Agency says it can’t approve vinorelbine formulation due to concerns about authenticity and CMC issues.
FDA has told Adventrx Pharmaceuticals it can’t approve the firm’s NDA for Exelbine™ (vinorelbine injectable emulsion) based on submitted data, due to concerns about drug authenticity in a previous clinical trial and additional CMC issues. The drug had been submitted for approval as a treatment for non-small cell lung cancer.
In its complete response letter (CRL) to Adventrx, FDA said that based on inspections at clinical sites, the authenticity of Exelbine used in a pivotal bioequivalence trial (study 530-01) couldn’t be verified, and the trial will need to be repeated. FDA also cited CMC concerns, which Adventrx states the agency had flagged earlier in the review cycle, but which had already been addressed individually prior to receipt of the CRL.
The firm admits it is “disappointed” with FDA’s decision, but plans to meet with the agency to discuss the way forward. “However, we believe the authenticity of the drug products used in the pivotal study is verifiable and plan to discuss FDA’s concerns in this regard,” comments Brian M. Culley, Adventrx CEO. “We also will enquire whether FDA has comments to our previously submitted responses,” he adds.
In the meantime, the firm plans to push on with development of its two other clinical-stage candidates, ANX-514 (docetaxel emulsion for injection) and ANX-188 (purified poloxamer 188). “Our cash and equivalents of $40.7 million at July 31, plus cost savings from delaying or potentially discontinuing the Exelbine program, will provide us with the capital to continue to advance both of these programs,” Culley states.
Exelbine has been developed as a bioequivalent formulation of Navelbine® (vinorelbine) that is less likely to cause the injection site reactions commonly occurring after Navelbine administration. The Exelbine formulation emulsifies vinorelbine in a homogeneous suspension of nanoparticles that is designed to reduce the interaction between vinorelbine and the venous endothelium during administration into a peripheral vein, and so reduce irritation associated with administration of the drug.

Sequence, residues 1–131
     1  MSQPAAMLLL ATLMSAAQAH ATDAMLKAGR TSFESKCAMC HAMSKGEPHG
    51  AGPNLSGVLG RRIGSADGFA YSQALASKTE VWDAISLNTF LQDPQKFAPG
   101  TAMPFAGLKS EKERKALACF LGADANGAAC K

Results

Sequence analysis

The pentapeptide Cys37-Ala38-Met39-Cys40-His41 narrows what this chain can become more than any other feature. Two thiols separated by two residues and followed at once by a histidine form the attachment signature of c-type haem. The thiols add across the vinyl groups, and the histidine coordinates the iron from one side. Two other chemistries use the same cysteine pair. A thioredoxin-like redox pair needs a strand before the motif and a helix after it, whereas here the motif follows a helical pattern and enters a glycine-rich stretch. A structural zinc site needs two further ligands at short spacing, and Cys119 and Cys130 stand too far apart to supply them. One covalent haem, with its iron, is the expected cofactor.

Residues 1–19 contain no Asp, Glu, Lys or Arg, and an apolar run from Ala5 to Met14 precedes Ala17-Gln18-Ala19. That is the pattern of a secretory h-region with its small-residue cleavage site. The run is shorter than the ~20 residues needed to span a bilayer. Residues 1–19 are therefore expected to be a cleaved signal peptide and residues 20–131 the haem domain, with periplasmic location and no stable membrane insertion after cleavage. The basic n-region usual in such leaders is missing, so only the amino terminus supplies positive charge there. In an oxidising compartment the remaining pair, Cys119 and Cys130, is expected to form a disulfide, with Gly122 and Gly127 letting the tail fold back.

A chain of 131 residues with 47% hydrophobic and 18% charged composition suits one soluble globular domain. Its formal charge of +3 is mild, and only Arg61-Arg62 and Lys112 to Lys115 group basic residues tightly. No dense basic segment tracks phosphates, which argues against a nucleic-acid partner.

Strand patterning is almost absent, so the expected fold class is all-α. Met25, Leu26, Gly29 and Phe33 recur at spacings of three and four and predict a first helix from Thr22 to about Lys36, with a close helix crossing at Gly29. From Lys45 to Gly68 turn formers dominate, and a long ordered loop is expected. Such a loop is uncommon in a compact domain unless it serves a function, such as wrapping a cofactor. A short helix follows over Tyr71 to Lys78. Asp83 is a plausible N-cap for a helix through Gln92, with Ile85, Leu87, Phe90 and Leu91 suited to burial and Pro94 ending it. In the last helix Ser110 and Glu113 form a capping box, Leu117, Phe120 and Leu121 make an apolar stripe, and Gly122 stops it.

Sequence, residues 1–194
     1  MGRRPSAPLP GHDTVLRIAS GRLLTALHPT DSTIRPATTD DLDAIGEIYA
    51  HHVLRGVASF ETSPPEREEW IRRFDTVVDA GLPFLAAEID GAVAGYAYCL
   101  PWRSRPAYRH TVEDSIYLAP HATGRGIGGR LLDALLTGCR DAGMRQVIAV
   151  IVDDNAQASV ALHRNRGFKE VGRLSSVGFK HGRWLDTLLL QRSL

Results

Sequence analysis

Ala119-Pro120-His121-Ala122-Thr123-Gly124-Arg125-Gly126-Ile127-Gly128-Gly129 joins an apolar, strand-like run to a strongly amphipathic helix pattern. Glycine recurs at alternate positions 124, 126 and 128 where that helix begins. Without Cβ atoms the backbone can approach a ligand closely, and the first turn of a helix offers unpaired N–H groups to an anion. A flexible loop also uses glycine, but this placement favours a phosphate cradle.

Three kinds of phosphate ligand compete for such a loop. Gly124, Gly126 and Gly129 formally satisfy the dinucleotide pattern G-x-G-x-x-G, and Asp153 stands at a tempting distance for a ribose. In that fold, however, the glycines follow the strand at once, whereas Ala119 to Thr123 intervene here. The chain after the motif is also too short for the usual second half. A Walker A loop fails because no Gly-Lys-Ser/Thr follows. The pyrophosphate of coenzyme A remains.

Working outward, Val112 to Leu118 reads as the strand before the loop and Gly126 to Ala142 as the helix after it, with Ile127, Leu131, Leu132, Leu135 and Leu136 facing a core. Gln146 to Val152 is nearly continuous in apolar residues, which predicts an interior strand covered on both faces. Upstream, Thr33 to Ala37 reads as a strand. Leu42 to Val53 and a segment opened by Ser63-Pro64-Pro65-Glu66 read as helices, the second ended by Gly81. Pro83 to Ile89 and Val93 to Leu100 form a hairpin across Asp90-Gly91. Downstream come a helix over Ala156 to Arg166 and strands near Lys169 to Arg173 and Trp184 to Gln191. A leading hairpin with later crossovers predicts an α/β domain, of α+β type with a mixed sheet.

ANX-514 is detergent-free reformulation of the chemotherapy drug docetaxel (Taxotere), which is solubilized in oil droplets to negate the use of polysorbate 80, the excipient used in current formulations. Adventrx says the oxidation products of polysorbate 80 have been associated with sometimes severe or even fatal hypersensitivity reactions that can occur after Taxotere administration. ANX-514 is currently in late-stage clinical development: protocols for a second safety and bioequivalence study, and a Phase III trial are being planned for submission to FDA.
ANX-188 is a novel, purified, rheologic and antithrombotic compound initially being developed as a first-in-class treatment for pediatric patients with sickle cell disease in acute crisis. Adventrx took over ANX-188 through the share-based acquisition of SynthRx, a deal completed in April. The candidate has been designed to eliminate impurities in a previous formulation of poloxamer 188 used in clinical trials that were associated with renal toxicity. In ANX-188 has been evaluated in multiple clinical studies, including a 255-patient, Phase III study by a prior sponsor. Adventrx plans to meet with FDA to agree on its own Phase III clinical trial protocol for ANX-188 as a treatment for pediatric patients with sickle cell disease in acute crisis.